George of the Palatinate
|George of the Palatinate|
Bishop George of the Palatinate, contemporary painting on wood
|Noble family||House of Wittelsbach|
|Father||Philip, Elector Palatine|
|Mother||Margaret of Bavaria-Landshut|
10 February 1486|
|Died||27 September 1529
Kislau Castle in Bad Mingolsheim
He held posts as canon in Mainz, Trier and Speyer and was Provost in Mainz from 1499 to 1506. From 10 November 1502, he was also Dean of St. Donatian in Bruges. Later, he was priest at Hochheim and Lorch. On 12 February 1513, he became Bishop of Speyer. He studied theology in Heidenberg in 1514 and received his Holy Orders on 10 July 1515. On 22 July 1515, he was consecrated as bishop.
George sought to improvide discipline among the clergy in his diocese and forbade the study of the writings of Martin Luther. However, he could not prevent his suffragan bishop Engelbrecht from converting to the new faith. On 28 April 1523, he published his most memorable letter to his clergy, which states:
The suspect teachings of Luther, which oppose the Holy Catholic Church and our ancient traditions, we must mention to our great distress, have been sprinkled and sown among the uneducated believers in many places and parishes in our diocese by pastors and preachers and others, who were not nominated by us or our vicars general, causing not only aberrations, riots, murder and dangerous movements among the communities .... We urge you to hold Mass without any improprieties, with seclusion, seriousness, respect, dignity and prudence, with as much devotion as possible, in the fear of our Lord, and to instruct people, not only by teaching them the wholesome Catholic doctrine, but also by good actions, by an irreproachable conduct and to encourage them by example to be pious, so that when all the trouble and the contempt for the clergy have been removed, we, as fighters for Christ and mediators between God and the people, may be able to prevent our eternal damnation by prayer and by good works—Bishop George of the Palatinate, in a pastoral latter of 28 April 1534, Franz Xaver Remling: The work of reform in the Palatinate, 1929 edition, p. 58-59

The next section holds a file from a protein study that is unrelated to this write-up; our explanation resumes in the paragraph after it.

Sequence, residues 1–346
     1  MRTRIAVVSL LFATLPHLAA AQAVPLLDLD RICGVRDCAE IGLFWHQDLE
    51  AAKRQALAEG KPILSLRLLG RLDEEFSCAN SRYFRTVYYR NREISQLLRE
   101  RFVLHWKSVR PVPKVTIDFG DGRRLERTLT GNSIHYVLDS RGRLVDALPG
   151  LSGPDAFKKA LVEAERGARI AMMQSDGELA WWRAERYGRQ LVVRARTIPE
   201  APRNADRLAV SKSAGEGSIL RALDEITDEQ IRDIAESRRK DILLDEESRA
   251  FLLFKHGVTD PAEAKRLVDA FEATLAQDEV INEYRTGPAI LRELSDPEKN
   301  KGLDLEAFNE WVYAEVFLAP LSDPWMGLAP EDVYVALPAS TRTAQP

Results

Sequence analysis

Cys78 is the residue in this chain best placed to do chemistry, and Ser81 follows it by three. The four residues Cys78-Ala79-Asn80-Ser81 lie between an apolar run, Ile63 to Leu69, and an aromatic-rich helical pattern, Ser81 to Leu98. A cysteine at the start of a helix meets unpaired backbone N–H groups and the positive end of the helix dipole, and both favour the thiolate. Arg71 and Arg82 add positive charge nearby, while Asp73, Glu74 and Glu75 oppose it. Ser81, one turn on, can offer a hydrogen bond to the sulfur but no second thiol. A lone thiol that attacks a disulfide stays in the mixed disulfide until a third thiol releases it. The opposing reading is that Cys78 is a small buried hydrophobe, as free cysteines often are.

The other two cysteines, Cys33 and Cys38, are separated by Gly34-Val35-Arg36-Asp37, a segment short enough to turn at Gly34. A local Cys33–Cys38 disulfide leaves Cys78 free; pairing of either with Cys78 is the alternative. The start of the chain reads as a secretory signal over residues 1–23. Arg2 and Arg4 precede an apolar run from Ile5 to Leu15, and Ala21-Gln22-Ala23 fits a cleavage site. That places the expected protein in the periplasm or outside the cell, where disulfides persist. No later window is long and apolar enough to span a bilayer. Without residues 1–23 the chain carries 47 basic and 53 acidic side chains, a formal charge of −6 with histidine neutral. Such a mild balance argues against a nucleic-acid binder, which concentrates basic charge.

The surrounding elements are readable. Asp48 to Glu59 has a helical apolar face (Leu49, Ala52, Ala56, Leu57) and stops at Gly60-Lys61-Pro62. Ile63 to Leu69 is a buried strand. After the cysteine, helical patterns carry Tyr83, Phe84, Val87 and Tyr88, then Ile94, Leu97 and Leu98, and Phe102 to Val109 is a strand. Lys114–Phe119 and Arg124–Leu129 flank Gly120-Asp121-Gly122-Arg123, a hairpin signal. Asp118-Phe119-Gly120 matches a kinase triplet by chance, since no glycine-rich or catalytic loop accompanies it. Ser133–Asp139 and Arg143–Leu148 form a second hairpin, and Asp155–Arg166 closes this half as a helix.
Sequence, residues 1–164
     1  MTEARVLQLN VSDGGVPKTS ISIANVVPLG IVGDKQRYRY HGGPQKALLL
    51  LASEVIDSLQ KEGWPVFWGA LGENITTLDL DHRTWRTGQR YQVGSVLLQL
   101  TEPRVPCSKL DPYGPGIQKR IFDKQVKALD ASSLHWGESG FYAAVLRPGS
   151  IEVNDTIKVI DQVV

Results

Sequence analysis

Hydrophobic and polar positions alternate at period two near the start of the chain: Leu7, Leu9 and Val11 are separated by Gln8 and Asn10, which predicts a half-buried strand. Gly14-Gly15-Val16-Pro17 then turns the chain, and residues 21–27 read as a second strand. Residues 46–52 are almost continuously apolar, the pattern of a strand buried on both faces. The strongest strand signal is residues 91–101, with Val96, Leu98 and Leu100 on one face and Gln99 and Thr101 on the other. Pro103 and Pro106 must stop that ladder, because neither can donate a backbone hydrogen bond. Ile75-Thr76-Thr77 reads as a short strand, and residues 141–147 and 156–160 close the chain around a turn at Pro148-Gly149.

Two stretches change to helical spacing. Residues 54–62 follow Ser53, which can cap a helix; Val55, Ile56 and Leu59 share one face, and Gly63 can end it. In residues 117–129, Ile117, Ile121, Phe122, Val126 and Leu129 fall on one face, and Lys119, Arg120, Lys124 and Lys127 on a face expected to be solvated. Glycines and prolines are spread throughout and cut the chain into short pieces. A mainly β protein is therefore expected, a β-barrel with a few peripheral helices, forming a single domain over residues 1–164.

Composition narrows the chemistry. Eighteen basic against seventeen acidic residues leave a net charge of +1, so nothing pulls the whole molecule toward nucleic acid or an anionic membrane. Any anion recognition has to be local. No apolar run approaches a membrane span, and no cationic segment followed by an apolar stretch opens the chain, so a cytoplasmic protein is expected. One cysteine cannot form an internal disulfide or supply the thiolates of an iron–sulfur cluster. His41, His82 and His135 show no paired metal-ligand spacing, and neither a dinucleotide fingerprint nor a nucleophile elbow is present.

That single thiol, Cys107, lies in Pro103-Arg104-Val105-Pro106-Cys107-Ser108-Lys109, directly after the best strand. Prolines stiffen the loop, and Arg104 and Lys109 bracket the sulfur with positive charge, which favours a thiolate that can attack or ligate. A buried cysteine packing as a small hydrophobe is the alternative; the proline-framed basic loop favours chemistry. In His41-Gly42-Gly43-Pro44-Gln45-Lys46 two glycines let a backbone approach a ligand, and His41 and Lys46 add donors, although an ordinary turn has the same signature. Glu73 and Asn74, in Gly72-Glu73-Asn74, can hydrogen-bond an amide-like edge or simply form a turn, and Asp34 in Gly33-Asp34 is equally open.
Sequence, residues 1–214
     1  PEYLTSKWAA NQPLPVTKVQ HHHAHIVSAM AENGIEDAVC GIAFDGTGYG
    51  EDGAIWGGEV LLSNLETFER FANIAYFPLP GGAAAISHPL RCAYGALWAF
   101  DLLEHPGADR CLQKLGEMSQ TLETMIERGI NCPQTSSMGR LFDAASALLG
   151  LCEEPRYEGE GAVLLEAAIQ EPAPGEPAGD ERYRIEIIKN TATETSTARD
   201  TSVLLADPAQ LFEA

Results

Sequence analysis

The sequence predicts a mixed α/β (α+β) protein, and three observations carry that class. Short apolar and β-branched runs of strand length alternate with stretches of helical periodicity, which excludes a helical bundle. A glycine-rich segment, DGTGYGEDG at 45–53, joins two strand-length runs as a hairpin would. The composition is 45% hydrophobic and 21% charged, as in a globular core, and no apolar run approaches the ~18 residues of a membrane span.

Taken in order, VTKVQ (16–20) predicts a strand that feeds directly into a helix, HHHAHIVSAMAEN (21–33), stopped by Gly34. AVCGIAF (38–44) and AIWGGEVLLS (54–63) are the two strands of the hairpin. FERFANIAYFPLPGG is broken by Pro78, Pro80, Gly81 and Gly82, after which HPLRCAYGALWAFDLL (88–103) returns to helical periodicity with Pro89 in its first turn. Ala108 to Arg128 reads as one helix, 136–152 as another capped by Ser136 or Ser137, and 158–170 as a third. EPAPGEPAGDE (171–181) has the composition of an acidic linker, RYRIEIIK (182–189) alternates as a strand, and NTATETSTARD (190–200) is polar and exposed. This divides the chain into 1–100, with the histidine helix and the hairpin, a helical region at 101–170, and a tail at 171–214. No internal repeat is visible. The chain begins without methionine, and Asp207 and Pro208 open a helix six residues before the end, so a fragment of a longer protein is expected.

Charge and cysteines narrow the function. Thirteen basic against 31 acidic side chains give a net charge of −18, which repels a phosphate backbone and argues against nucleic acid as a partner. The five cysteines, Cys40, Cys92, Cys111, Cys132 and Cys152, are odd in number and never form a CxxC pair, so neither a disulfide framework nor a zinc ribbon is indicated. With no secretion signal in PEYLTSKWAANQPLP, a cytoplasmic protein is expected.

Around Easter 1525, the German Peasants' War spread to the diocese of Speyer and rebellious peasants raided the bishop's cellars. George fled to Heidelberg and the peasants occupied Kislau Castle, Rothenberg and Bruchsal Castle, set up a provisional government, invaded the Udenheim district and threatened Speyer itself. On 29 April 1525, George met the rebels at Herrenalb and promised them they would be allowed to appoint a preacher of their choice. He opened negotiations with the rebels at Philippsburg and signed an agreement with them on 5 May 1525. The revolt was later struck down by forces from the Electoral Palatinate and other principalities.
George participated in the Diet of Speyer in 1529 and died on 27 September 1529 of the sweating sickness. He was buried in the Speyer Cathedral. The monument on his grave was destroyed by French troops in 1689, during the Nine Years' War.
Coat of arms
The bishop's coat of arms is quartered in the usual way. The fields of the shield alternately show the Wittelsbach family crest and the coat of arms of the Diocese of Speyer, a silver cross on a blue background.
- Arthur Kleinschmidt (1878), "Georg von der Pfalz", Allgemeine Deutsche Biographie (ADB) (in German) 8, Leipzig: Duncker & Humblot, pp. 698–699
- Hans Ammerich: Das Bistum Speyer und seine Geschichte, vol. 3: Von der Reformationszeit bis zum Ende des alten Bistums, Kehl am Rhein 1999, ISBN 3-927095-49-4, p. 11
George of the PalatinateBorn: 10 February 1486 Died: 27 September 1529
Philip I of Rosenberg
|Prince-Bishop of Speyer
Philip II of Flersheim